- TOKEN_CONSUMABLE_DESCRIPTION_30_DAYS_BALANCE (New) – Use: Adds 30 days of game time to your World of Warcraft account or %s to your Battle.net Balance.
Time will tell how much the WoW Tokens convert into. Many seem to think it will convert into a standard $15 amount, same as a normal subscription. That makes a sort of elegant sense. I was kinda hoping that it converts into enough to cover an entire Server Transfer (currently the outrageous $25), as that means moving two toons would require four Tokens with some remainder, or perhaps three and a $5 bill thrown in. Of course, that’s not going to happen given they went the Battle.net balance route, unless Server Transfer costs go down.
Anyway, when I got wind of the WoW Token update, I quickly bought up as many Tokens as I could:
I have five WoW Tokens on the druid now, and presumably five more somewhere. Current prices?
Of course, it’s always possible that Blizzard doesn’t make current WoW Tokens “backwards compatible” with their new functions. In which case… shit. I guess I have 10 months of free WoW time? That said, I’m pretty sure Blizzard isn’t going to confuse the issue by having very similar but different functioning Tokens. I imagine the Fiscal department over in Irvine would prefer getting WoW Tokens out of players’ bags via Account Services rather than needing to defer possible months’ worth of subscriptions anyway.
So, we’ll see how it shakes out.
Comfort & Fashion
There is a saying that goes “Never let comfort interfere with fashion.” Perhaps it’s less of a saying and more an ironic reminder of how absurd human beings can get in the pursuit of arbitrary, ephemeral trends. Why anyone thinks high heels should be a thing, for example, I have no idea. Sure, some jiggly-bits are at a higher incline than normal, but my eyes are always drawn down to the barely-recognizable compressed foot nodules at the end of the legs. Can’t we have the fashion and the comfort? Let’s just make it fashionable to wear comfortable sneakers and call it a day already.
All these thoughts came to mind when I spied the following WoW PTR Patch 5.4 notes:
- Shield Wall no longer requires a shield. If the Warrior does not have a shield equipped, it will show a visual of an equipped shield.
- Spell Reflection no longer requires a shield. If the Warrior does not have a shield equipped, it will show a visual of an equipped shield.
Way back in November of 2011, I mentioned the ridiculousness that is/was warrior gameplay. Obviously the ridiculousness extended all the way back to Day 1 of WoW’s release, but in 2011 there were a number of changes going on that made it feel like Blizzard was finally turning a corner. Most every warrior ability was tied to a specific Stance up to that point, but suddenly those restrictions were evaporating. “You can cast Spell Reflection in Arms stance!” And we cheered. And then realized you still needed a shield, and we sullenly took one line out of our macros before continuing browsing mice on Amazon with 12+ buttons on the side.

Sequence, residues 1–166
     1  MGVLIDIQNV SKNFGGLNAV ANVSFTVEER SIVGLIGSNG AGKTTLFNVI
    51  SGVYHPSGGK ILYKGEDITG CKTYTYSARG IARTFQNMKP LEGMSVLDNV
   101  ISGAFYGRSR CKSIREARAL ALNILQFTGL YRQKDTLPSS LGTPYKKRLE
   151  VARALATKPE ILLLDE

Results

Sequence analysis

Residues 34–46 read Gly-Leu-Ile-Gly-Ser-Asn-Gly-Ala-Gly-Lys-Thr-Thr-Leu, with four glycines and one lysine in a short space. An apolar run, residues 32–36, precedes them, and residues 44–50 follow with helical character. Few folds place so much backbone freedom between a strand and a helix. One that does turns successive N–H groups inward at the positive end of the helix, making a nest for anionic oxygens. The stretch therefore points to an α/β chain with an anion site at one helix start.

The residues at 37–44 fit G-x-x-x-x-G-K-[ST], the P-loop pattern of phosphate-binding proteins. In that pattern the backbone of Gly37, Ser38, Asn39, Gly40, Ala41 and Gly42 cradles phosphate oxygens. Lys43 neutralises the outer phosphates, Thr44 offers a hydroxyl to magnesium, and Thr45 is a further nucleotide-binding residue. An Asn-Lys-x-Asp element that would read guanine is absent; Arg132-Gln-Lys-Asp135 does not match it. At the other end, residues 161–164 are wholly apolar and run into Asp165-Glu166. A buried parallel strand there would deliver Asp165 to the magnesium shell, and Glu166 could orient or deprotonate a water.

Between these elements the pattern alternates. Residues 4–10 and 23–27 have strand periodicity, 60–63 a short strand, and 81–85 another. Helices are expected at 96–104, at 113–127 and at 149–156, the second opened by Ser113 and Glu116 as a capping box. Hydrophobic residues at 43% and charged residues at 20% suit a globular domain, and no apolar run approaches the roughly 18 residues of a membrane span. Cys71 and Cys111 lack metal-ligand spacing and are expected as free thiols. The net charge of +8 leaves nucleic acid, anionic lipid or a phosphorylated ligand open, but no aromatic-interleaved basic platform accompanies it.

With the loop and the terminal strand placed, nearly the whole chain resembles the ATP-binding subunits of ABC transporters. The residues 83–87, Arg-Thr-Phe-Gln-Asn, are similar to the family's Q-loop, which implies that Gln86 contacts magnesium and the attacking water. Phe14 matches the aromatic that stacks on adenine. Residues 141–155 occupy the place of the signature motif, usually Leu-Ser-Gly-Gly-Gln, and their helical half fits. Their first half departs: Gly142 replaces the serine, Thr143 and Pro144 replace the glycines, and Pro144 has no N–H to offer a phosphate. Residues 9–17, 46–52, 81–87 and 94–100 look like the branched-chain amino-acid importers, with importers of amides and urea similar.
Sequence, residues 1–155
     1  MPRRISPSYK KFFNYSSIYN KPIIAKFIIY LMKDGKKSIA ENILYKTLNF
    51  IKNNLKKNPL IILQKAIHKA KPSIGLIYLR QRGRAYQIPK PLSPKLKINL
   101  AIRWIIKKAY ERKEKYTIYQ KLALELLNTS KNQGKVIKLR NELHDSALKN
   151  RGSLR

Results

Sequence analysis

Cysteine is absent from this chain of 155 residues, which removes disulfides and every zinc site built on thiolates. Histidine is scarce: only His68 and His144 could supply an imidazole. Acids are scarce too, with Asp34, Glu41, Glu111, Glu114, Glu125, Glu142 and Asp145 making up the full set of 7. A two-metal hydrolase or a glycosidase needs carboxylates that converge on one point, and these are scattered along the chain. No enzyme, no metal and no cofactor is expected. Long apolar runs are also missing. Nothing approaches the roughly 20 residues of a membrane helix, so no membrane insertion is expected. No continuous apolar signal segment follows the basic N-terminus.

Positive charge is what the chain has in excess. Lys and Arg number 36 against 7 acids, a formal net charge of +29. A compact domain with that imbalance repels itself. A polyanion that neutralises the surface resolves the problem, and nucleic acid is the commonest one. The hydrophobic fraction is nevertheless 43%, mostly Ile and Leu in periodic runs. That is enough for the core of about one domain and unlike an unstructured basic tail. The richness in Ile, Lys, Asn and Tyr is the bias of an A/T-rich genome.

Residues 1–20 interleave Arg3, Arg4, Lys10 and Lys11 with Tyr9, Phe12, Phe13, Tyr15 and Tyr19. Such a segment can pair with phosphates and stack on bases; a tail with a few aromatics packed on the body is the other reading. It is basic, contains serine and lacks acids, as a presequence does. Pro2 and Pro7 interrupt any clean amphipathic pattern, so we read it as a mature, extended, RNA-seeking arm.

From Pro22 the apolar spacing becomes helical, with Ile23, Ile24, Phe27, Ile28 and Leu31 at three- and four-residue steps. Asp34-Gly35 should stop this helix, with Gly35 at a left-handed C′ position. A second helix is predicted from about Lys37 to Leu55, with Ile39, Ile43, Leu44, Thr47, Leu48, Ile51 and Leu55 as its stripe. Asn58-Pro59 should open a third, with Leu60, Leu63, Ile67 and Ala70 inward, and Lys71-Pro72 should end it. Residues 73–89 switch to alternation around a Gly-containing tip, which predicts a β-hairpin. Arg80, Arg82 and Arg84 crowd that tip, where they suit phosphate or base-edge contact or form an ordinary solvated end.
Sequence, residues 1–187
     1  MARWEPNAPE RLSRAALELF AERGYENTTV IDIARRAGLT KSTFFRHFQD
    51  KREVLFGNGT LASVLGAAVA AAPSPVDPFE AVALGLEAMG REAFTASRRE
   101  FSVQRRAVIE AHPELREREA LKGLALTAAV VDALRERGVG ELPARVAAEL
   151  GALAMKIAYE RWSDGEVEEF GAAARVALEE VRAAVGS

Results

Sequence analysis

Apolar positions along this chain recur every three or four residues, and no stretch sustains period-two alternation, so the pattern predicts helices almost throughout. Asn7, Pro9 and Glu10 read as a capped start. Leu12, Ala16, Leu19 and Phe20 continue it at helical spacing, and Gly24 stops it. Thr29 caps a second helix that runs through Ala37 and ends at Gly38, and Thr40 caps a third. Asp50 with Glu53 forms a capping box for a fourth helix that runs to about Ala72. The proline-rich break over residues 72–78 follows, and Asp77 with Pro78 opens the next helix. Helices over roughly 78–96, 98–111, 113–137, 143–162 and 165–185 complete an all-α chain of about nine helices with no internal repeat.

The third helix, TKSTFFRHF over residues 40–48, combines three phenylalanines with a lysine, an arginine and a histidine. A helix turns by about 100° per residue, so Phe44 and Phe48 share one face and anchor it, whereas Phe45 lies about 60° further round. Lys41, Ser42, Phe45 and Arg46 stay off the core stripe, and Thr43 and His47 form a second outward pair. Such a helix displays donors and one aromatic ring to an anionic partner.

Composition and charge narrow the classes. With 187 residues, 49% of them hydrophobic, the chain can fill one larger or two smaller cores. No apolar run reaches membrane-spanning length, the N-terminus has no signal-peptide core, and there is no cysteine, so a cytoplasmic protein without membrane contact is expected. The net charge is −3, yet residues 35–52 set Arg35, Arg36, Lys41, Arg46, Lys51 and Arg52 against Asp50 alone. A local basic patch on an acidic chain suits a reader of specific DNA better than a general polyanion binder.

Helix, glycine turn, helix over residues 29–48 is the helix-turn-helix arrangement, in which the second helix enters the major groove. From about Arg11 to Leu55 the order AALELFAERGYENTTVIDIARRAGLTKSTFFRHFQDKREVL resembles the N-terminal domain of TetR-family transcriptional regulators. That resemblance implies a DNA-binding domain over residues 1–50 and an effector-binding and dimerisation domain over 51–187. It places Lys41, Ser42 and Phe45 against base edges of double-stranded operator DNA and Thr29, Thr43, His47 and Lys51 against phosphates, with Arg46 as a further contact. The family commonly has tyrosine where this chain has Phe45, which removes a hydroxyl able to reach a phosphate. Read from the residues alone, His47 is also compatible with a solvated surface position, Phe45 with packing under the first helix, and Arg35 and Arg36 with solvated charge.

I am 100% convinced that, up to this point, Blizzard has required a shield for Spell Reflection (and Shield Wall for that matter) simply out of “fashion,” e.g. no legitimate gameplay reason. I mean, it’s one thing to include abilities/functionality that requires a high skill cap, or even an honest desire for certain skills to not be usable outside of certain scenarios. It is quite another when there is basically no possible way to utilize a button on your hotbar without having to support it with in-game scripts. No, seriously, just walk yourself through the steps necessary to cast Spell Reflection, and then compare that duration with the typical window in which the ability is useful… while keeping in mind that every PvP warrior is expressly balanced around judicious use of said ability.
I can understand their likely thought process here. “How are you reflecting the spell if not with a shield? And don’t even try to tell me you don’t need a shield for Shield Wall – it’s in the name!” Okay, yeah, it is. But the whole thing is one big, convoluted mess that creates an enormous gulf between even so-so warriors and their macro’d peers. You can make one button that handles the whole gear-swap/ability use process in a way that the default game never could. While “anyone” can copy/paste the macro, at some point you need to ask yourself why its necessary in the first place. Tradition? Fashion? Because it sure as hell isn’t for gameplay reasons.
5.3: That Was Fast
Patch 5.3 is up on the PTR. You can look at the notes here. Nothing too crazy… just the removal of Resilience from PvP gear, gear scaling in BGs and Arenas (!!!), and LFR off-spec rolls (plus increasing chance of bonus loot based on bad luck). You know, the usual.
- Players can now choose to receive loot for a specialization that’s different from their current class role. This feature could be accessed by right-clicking on the character portrait and selecting the option from the drop-down list. Loot specialization is available for bonus rolls, Raid Finder, and Pandarian quest rewards.
- Protection for bad luck streaks have been added to bonus rolls. Each bonus roll that does not provide loot has a progressively better chance to award loot to the player.
- Additional information and explanation for the reasoning behind PvP changes will be available very soon.
- All characters now have a base Resilience of 65%.
- Resilience has been removed from most PvP gear.
- Season 13 Tyrannical gear had their item levels increased to ilevel 496, up from ilevel 493.
- Season 13 Tyrannical Elite gear had their item levels decreased to ilevel 496, down from ilevel 512.
- Battlegrounds, Rated Battlegrounds, and Arenas now have an ilevel cap. All gear will be scaled down to ilevel 496.
Feels like the 5.2 PTR was just three weeks ago, doesn’t it? I suppose Blizzard wasn’t kidding around (finally) about accelerated release schedules.